Since 2007 the Fraunhofer researchers have been continuing to develop this technology in small steps together with the Ilmenau University of Technology, the Philipps University of Marburg and the company Aixtron, for example, setting up special epitaxial equipment and examining every single layer of the structure. These developments were funded by the German Federal Ministry of Education and Research (BMBF) as part of the III-V-Si project and the MehrSi project. A particular highlight of the new tandem solar cell is that the III-V layers were not grown on a chemo-mechanically polished substrate as in previous cases, but directly on a silicon wafer which, after sawing was treated in a simple process using only inexpensive grinding and etching processes. The Danish company Topil developed this silicon wafer in the European SiTaSol project, thus realizing an important step towards the economical production of the new multi-junction solar cells. In the future, the focus will be to increase the efficiency even further as well as realize a faster layer deposition, with higher throughput, and thus improve the cost-effectiveness of the production. The ultimate objective is that tandem photovoltaics will be able to make an important contribution to the expansion of photovoltaics, which is necessary for the energy transition.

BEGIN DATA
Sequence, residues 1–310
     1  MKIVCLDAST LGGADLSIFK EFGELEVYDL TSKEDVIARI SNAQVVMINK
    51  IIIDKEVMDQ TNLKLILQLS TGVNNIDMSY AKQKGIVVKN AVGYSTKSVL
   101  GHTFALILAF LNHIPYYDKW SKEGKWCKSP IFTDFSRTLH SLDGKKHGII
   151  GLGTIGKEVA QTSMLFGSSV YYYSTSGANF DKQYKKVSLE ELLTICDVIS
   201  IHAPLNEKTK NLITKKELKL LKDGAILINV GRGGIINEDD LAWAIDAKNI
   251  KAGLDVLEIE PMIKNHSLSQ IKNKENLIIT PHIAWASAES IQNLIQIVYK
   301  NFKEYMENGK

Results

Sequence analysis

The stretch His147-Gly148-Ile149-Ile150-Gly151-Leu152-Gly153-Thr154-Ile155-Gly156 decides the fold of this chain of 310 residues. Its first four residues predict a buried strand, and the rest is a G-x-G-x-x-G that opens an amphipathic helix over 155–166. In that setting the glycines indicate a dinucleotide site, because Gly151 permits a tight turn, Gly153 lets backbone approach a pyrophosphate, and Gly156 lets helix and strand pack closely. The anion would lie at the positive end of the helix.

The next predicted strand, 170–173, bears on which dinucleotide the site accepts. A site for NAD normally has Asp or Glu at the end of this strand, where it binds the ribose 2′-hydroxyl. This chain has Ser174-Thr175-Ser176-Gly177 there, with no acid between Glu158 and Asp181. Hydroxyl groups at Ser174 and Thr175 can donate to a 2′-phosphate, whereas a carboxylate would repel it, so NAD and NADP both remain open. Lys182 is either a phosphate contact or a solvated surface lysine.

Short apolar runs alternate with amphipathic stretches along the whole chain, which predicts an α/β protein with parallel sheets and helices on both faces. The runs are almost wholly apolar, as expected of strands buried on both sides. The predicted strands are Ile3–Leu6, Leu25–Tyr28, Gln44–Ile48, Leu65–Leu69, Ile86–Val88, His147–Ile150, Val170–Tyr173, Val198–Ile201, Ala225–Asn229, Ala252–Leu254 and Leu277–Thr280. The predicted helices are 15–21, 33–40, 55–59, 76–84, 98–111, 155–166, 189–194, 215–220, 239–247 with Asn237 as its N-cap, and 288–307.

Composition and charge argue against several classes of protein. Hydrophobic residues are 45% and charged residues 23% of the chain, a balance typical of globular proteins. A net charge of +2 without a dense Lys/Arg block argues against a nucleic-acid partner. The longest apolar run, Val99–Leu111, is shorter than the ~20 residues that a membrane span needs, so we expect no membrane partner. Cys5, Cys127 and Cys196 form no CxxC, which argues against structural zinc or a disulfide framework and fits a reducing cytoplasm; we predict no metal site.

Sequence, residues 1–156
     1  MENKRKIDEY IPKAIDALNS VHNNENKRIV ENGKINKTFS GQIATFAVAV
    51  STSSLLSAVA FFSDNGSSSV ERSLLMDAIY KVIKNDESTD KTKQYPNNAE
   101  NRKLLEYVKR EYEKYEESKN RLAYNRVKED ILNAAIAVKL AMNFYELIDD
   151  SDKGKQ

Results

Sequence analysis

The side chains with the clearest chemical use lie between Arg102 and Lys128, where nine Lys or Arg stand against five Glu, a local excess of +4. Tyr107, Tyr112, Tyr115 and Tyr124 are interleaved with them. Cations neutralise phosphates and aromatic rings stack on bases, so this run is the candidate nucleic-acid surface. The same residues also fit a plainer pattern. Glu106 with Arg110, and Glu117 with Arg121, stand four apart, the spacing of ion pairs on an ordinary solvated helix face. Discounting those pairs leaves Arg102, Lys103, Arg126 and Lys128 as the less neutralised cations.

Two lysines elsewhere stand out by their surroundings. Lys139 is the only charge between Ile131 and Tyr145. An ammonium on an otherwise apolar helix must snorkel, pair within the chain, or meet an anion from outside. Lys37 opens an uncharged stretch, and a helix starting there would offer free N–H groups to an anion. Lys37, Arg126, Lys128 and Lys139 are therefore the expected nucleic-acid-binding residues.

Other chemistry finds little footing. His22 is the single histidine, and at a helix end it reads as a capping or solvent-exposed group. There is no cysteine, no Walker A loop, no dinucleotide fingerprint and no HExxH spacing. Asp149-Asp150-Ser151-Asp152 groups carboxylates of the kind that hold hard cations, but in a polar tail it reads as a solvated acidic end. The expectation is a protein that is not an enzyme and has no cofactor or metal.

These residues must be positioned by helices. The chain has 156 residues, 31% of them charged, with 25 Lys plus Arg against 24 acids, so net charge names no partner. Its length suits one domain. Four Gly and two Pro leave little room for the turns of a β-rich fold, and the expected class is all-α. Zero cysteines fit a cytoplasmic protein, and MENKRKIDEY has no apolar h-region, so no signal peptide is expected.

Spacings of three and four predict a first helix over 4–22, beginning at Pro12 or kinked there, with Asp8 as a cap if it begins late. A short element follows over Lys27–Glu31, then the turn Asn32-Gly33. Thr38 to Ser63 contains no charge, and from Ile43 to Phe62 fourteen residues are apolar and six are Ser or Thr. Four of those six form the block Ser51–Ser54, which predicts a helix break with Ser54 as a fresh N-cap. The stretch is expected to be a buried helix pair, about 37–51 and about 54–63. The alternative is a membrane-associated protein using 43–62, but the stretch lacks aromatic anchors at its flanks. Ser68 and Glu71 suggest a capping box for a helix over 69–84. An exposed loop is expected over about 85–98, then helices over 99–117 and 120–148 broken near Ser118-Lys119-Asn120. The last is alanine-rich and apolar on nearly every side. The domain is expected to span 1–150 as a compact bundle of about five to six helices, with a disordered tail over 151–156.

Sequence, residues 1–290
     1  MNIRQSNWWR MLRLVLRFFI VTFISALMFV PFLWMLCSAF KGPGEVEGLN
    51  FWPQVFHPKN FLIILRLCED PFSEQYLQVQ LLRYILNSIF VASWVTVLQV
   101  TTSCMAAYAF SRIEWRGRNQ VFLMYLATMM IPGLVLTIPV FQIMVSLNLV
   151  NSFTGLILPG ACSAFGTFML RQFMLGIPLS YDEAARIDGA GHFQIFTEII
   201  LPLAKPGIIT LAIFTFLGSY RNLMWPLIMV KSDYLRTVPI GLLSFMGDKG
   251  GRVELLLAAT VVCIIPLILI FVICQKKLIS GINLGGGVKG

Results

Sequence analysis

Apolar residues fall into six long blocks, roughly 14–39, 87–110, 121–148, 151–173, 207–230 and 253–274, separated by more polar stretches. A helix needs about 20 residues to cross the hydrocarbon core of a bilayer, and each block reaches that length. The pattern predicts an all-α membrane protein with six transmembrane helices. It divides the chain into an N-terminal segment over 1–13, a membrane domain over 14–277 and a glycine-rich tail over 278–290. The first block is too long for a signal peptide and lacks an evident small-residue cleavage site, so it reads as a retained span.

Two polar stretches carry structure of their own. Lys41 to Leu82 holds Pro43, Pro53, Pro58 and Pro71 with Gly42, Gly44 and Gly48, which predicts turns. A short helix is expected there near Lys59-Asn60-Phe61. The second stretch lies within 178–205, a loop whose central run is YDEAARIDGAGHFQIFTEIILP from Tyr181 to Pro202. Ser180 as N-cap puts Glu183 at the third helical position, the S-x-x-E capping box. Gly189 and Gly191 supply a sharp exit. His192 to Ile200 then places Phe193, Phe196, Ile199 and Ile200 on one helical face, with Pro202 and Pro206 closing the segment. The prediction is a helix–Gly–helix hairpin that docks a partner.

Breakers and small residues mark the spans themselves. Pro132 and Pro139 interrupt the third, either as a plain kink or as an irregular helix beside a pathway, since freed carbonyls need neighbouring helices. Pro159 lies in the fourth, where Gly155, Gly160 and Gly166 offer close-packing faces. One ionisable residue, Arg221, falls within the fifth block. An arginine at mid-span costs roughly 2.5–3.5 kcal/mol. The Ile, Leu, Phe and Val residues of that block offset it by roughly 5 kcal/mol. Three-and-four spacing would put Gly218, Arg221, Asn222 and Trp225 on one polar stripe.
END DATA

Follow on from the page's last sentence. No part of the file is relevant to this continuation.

A Key Technology for the Energy Transition

In many parts of the world today, electricity from solar cells is the cheapest form of energy generation. “In Europe the photovoltaic research community is working on numerous concepts to further improve the efficiency of this key technology which plays a central role in the energy transition,” says Prof. Dr. Stefan Glunz, Division Director of the Photovoltaics Research at Fraunhofer ISE. “Not only are we working to make silicon solar cell production more sustainable and cost-effective, but we are also breaking new ground. We are aiming to reach even higher efficiencies using the tried and tested silicon in combination with other semiconductor materials and have achieved this in the field of tandem photovoltaics.”  This technology not only opens the door to the future of power generation but also is ideally suited for electrolysis, which is a process of using electricity to split water into hydrogen and oxygen. Thus, tandem photovoltaics can be used to produce hydrogen, an energy storage medium and important building block for the energy transition.


Fraunhofer ISE 2020

Diese Meldung teilen

‹ Zurück zur Übersicht

Das könnte Sie auch interessieren